For lower earners the problem is the Jersey government's inability to comprehend that  increasing tax thresholds don't help those who fall somewhat below the thresholds.  In the  UK many equivalents of child allowances etc are credits - paid items, not exemptions.  In effect they boost income rather than allow a reduced tax bill.  It makes a difference because of course in Jersey once you are a 0 rate tax payer that's the end of the benefit.  So if like me your income is  below the thresholds by more than  a child's allowance, that allowance is worthless. That situation  does not occur in the UK where tax credits are paid.

Nor is it the case that such people will be  cushioned by having social security benefits.  The ability to claim those is quickly eroded by the  impact of capital  the potential claimant may have.  And this is not just theoretical stuff.

Each government department in Jersey  has a different perception about what is and isn't in need of assistance.  Equally each appears to think any income or assets you might have can be applied to offset any help you might get from their department alone. You can lose several times over as the same capital or income is used against you by each department  that might otherwise help.  It is a fine example of the inconsistent approach of a piecemeal  non-system without any common coherent thinking.  It is unsurprising given we elect individuals who have between them  no coherent strategy and each policy is a cobbled together compromise of individualist  foibles and interests. There is no plan or design or underpining philosophy here.

Thus it is quite possible to be in the situation I find myself.  No income tax, health charge or care charge to pay because our income falls way short of the threshold in marginal taxation.  Since I am not an employee I don't pay class 1 social security.  I am theoretically liable to play full class 2 social security ( ~£6,000 per year!), but even they have realised you cannot get blood from a stone.  Asking people with income  significantly below the tax threshold to pay that sort of money is madness.  So I have an exception. Of course I'm not entitled to most benefits and not building my pension contribution.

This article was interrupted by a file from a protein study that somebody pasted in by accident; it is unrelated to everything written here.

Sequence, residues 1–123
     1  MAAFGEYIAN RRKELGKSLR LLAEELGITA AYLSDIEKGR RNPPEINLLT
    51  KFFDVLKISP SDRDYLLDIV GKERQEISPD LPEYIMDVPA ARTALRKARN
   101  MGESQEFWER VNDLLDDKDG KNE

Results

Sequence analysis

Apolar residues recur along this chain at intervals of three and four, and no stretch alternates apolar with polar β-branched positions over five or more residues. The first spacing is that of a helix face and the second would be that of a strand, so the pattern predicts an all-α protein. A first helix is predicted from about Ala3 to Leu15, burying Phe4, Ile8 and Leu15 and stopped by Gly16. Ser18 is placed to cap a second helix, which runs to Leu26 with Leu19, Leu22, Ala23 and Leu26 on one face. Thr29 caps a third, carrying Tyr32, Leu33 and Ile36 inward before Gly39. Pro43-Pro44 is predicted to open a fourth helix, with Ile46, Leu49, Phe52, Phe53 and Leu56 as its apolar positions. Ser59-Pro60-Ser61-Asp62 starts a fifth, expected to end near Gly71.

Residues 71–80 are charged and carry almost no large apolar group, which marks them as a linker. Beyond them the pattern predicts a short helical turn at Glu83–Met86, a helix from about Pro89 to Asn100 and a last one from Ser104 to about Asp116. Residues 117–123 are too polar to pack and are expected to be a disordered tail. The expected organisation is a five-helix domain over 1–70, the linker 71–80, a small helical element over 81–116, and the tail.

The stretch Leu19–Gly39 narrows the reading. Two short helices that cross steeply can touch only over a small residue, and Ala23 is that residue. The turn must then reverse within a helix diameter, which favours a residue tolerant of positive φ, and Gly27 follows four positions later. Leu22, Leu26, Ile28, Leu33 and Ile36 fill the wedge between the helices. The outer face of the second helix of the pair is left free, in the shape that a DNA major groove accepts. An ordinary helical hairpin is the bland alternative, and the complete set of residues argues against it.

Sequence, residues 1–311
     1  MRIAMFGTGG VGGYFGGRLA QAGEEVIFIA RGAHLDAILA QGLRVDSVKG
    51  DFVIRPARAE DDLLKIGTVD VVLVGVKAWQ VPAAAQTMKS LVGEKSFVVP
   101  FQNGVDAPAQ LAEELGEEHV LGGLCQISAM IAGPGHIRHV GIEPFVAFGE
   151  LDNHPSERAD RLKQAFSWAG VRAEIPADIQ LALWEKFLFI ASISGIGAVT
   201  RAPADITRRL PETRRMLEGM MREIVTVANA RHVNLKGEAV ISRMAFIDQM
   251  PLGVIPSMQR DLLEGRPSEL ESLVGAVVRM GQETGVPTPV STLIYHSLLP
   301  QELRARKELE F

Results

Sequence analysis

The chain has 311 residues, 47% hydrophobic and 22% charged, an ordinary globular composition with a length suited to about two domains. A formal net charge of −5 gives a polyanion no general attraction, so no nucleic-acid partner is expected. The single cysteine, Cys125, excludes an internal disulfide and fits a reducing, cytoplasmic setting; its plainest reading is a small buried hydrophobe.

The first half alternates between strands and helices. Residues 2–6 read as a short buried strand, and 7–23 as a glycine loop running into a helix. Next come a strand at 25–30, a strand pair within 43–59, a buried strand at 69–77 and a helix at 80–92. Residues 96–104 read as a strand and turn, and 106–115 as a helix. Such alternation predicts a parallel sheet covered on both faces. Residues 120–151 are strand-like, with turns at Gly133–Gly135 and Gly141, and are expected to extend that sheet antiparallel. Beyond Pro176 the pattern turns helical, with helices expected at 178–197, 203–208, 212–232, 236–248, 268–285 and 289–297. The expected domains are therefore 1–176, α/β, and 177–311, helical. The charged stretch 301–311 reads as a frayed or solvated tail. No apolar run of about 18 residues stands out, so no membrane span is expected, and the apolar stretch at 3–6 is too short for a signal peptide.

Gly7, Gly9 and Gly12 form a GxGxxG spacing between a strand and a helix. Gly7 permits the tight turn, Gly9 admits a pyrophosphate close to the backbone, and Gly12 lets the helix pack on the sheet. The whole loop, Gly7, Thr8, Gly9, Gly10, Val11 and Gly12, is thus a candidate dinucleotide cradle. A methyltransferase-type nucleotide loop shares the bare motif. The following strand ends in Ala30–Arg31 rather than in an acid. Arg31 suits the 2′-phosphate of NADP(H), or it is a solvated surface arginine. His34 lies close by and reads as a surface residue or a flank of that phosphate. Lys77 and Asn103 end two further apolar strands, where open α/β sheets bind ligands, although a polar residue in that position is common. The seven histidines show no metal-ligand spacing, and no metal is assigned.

You might have the picture from the foregoing that we are not exactly rolling in it.  But the Education Department would disagree.  If either of my bright children want to go to university in a few years time I am, according to them, so well off that we wouldn't get a penny in help with the living costs or tuition fees.

I'll leave it to you dear reader to figure out the logic of how you can be so poor as to not be liable for tax or social security payments but simultaneously be so well off you can be expected to find £60,000 plus for each child to go to university. 

Thursday, 20 October 2016

No, Ministers

There is a consultation out on pay, technically actually remuneration, for Ministers. Ministers are post holders - usually such people are not paid for work, they are remunerated. (The same is often true for directors of companies, but the Manpower returns seem unable to grasp the essence of post holders are not employees).  It isn't a States consultation, but the States Member's Remuneration Body.  The details are at States Members Remuneration beyond 2018.pdf

The consultation quite explicitly asks about the Chief Minister's  remuneration because they have more responsibilities.  "In the first instance we suggest that pay differentiation should apply only to the Chief Minister, who undoubtedly has significant additional responsibilities when compared with other members. In our view, a supplement of 15% of salary (in other words £7,000 (after rounding) at the present level of salary) would be appropriate. This would apply from the election of the Chief Minister in 2018".

A lot in that proposal rests on what is meant or understood by responsibility.  For the longest time in politics generally to be responsible meant to be answerable for , to be held accountable for.   Especially in the British parliamentary system , the Ministers were the temporary public face while the unseen unheard civil service was the  semi permanent advisory and implementation mechanism.  If things went wrong in their department, the Minister was held responsible, could lose their post, though more likely would  be expected to resign. It may not even be  mal administration,  just error of judgement. 

In theory the tough sanction on the Minister puts  proper focus on them properly and fully scrutinising what happens in their department.  Ignorance is no defence.  There is a feeling these days that far from taking responsibility, Ministers are inclined to try to defend the failings.

It is arguable under such a system when working as intended more responsibility, ie more things to  take the flak, and possible lose your position for, deserves a higher remuneration to compensate for the higher risks.

The question now is are Jersey's Ministers, including the Chief Minister, really responsible, accountable for anything?  Just last night we saw civil service officers being put up in front of camera to defend policy, not the minister. When was the last time a Jersey Minister resigned over failings in their  department?  Are they accountable, really?  I'd say not, and if not, the argument for increased remuneration is  faulty.

There are other arguments for not increasing, or actually decreasing, Minister's pay relating to research on performance and incentives.  See
But that's a different debate and not one the SMRRB is ever likely to want to consider - being composed largely of the very people who would under such  logic be paid less.....